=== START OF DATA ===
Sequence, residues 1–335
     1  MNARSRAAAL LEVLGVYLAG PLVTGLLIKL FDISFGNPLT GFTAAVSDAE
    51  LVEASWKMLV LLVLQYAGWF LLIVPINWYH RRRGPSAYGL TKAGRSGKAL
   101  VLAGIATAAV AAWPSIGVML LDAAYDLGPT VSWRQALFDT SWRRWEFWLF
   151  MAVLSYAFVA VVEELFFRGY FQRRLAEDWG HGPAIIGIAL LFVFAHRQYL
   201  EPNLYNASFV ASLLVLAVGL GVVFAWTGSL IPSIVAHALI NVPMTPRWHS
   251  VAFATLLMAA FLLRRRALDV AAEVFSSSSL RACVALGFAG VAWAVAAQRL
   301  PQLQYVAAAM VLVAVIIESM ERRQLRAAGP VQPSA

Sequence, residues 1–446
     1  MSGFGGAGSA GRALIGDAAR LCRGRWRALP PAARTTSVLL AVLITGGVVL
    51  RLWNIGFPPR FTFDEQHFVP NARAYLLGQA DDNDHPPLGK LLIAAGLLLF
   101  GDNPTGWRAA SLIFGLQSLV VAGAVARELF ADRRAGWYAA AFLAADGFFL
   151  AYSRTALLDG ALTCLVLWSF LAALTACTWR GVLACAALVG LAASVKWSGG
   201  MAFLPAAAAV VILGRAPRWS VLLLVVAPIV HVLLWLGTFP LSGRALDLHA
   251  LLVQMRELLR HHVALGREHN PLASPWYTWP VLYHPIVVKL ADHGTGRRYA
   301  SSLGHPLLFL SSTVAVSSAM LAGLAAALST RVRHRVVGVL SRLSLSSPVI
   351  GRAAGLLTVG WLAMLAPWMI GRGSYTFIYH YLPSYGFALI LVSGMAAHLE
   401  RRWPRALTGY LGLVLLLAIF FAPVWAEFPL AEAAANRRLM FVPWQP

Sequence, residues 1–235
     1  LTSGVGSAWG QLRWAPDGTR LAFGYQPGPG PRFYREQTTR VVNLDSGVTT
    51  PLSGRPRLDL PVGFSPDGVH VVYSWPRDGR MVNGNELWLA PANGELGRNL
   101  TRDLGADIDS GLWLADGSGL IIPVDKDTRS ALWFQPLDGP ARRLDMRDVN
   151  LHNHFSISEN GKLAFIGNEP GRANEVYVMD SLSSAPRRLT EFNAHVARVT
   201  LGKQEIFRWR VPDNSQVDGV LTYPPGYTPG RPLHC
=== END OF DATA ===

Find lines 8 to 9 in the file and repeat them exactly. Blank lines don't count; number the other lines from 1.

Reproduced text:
   301  PQLQYVAAAM VLVAVIIESM ERRQLRAAGP VQPSA

Sequence, residues 1–446